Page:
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Self-Service Operations Solves Security and Compliance Problems

Security and compliance are different disciplines that share a common foundation of risk and control. They aim to minimize the risk to the company by ensuring that the proper controls are in place.

Self-service has traditionally had a risky reputation because it was seen as a code word for loosening controls. "Here is your ssh key, sudo privileges, copies of scripts... good luck" could be rightfully viewed as reckless.

But things have changed.

Self-Service Operations is a vastly improved approach because it gives Dev and Ops the freedom and flexibility they need while increasing the control and visibility that Security and Compliance need.


Delivering Self-Service and Making Security and Compliance Happy

From the perspective of an engineer trying to get their job done, the benefits of self-service are clear. Self-service reduces the amount of time they have to spend waiting on colleagues to do something for them. In reverse, self-service also cuts down on the amount they are interrupted by colleagues who need something from them.

When you put a Self-Service Operations platform into place, you are inserting a layer of control between your lower-level automation (scripts, tools, APIs) and those who need to use that automation to get things done.


From the perspective of those engineers or analysts trying to get things done, that self-service layer lets them quickly create and share standard operating procedures. The platform's features are there to improve usability and make it easier to collaborate — like knowing about the underlying infrastructure, error handling, or being able to validate/constrain user input.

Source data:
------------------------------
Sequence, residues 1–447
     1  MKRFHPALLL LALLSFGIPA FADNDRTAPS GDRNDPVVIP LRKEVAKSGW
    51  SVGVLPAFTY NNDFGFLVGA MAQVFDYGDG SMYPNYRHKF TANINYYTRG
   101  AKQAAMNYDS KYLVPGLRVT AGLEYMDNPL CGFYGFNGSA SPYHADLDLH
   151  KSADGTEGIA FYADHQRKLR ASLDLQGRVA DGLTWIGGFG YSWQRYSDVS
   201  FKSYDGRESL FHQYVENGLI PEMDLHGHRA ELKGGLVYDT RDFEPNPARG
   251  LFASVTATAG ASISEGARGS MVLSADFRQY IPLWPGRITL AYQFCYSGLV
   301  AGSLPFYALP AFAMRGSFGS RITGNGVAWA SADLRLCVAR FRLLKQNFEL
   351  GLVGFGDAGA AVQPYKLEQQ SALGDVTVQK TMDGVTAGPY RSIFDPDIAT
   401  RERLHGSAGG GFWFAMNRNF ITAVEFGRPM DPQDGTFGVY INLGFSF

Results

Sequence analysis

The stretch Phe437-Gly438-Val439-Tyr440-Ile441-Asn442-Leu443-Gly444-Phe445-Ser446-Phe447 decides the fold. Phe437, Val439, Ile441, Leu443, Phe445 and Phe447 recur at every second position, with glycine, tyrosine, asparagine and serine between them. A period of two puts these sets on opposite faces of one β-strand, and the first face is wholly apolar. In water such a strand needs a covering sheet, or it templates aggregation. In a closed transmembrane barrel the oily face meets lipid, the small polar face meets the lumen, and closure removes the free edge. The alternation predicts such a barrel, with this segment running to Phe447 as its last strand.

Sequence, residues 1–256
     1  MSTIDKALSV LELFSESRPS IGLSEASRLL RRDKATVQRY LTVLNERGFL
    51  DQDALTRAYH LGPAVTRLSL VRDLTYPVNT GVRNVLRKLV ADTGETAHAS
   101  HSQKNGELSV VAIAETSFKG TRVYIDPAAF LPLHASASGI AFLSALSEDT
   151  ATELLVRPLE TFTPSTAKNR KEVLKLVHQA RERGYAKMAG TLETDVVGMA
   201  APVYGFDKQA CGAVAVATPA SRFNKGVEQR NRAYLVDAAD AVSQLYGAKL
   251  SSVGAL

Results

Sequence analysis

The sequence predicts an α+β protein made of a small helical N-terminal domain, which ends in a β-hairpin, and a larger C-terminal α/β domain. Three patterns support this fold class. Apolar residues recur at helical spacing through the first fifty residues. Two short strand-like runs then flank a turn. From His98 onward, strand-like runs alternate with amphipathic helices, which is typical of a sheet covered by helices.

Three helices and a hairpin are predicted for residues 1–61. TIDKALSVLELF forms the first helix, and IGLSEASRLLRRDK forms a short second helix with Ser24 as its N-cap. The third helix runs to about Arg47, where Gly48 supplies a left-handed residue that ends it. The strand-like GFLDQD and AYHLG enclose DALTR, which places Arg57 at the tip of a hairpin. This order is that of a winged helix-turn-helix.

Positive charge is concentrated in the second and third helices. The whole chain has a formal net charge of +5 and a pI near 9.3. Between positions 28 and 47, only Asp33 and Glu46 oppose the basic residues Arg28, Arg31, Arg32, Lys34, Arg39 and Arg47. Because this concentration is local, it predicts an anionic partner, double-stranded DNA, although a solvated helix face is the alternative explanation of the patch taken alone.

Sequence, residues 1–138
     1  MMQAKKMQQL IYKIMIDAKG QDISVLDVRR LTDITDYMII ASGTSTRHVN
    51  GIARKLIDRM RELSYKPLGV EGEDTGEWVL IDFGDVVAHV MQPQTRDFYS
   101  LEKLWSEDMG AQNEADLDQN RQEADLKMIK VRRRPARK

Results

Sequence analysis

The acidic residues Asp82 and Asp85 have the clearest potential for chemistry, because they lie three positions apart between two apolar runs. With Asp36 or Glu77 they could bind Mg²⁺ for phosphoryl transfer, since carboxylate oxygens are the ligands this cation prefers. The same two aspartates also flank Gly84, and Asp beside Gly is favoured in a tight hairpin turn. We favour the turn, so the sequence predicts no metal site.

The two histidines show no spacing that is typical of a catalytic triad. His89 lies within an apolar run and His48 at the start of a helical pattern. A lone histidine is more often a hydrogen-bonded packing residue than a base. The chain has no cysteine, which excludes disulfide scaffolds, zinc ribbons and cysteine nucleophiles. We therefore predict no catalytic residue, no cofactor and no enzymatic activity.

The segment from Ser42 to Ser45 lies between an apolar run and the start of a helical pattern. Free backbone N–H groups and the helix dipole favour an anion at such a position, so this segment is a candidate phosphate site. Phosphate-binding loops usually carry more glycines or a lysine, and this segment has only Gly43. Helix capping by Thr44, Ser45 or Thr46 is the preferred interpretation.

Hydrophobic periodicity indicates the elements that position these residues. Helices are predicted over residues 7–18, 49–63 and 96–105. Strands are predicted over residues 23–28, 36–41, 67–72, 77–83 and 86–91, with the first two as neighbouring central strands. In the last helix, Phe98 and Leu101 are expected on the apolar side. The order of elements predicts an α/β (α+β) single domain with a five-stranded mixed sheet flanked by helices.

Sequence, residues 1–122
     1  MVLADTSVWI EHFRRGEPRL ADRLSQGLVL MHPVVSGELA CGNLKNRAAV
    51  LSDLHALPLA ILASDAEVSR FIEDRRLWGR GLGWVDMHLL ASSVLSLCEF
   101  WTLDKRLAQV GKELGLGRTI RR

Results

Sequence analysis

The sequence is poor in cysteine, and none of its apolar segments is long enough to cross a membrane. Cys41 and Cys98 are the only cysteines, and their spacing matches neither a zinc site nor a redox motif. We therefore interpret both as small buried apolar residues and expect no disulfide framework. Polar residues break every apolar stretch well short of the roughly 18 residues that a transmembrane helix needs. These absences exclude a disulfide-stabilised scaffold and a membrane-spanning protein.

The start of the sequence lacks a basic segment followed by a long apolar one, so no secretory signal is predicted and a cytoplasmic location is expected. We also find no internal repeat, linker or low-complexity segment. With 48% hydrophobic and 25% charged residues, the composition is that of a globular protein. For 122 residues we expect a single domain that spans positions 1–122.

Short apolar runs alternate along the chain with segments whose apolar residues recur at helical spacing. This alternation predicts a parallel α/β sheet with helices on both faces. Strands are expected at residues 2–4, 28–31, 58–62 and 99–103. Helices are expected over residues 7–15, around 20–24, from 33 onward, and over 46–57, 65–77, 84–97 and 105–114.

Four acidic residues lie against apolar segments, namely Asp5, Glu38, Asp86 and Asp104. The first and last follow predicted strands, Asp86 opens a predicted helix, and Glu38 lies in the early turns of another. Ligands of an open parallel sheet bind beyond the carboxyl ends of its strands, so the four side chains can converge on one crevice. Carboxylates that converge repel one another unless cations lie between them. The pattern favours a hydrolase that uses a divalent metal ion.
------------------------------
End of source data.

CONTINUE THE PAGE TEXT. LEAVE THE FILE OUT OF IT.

Now let's look at it from the perspective of the security or compliance team. Those same features that allowed the engineers to create self-service also allow for improved controls. You know who wrote the job, who ran the job, exactly what the job called (tools, scripts, commands, APIs, etc.), where it ran, and what happened.

That is a lot more than what they know from the traditional workflow of someone gets a ticket, goes and does something, and then updates the ticket with a description of what they did.


From either the perspective of the engineer trying to get something done or the security and compliance teams trying to reduce risk, both are getting what they want. Life with Self-Service Operations is better than it was before.


Steps to Getting Security and Compliance Onboard with Self-Service Operations

1. Setup a POC that doesn't cross security boundaries or trigger compliance concerns
Start by setting up self-service for a small set of tasks that are within the same team or teams with similar privileges. For example, pick tasks that are both requested by and performed within your trusted operations team. Perhaps it's a restart or triage procedure that happens regularly.

The self-service will help those teams work quickly and improve their internal collaboration, but it won't cross boundaries that cause security or compliance concerns.

2. Invite your security and compliance colleagues to study the POC
Show off the controls that your Self-Service Operations platform can provide them. Show then the access control capabilities. Show them how you can constrain and validate user input. Show then how you can encrypt keys and passwords. And then, most importantly, explain how you can securely repeat the self-service model throughout the company.

3.Pick an initial use case that fulfills an organizational desire or pain
Draft off of another initiative or solve a long-standing pain point. For example, you can focus on a DevOps initiative that is pushing for Developers to be able to run health checks or restarts in production.

Or you could pick something that has always annoyed your colleagues. I recently saw an insurance company create its first self-service job as a way for L1 support teams to remove a record-level database lock. A bug was causing the lock and it and happened several times a week (each one requiring an escalation to an overworked DBA team), and there was no Dev budget to fix the bug (the offending app was scheduled to be replaced).

In any case, it is often best to keep the first use limited to something(s) that is well known. Allow for your colleagues to see the value, feel good about tackling a known problem, and get comfortable with how Self-Service Operations works.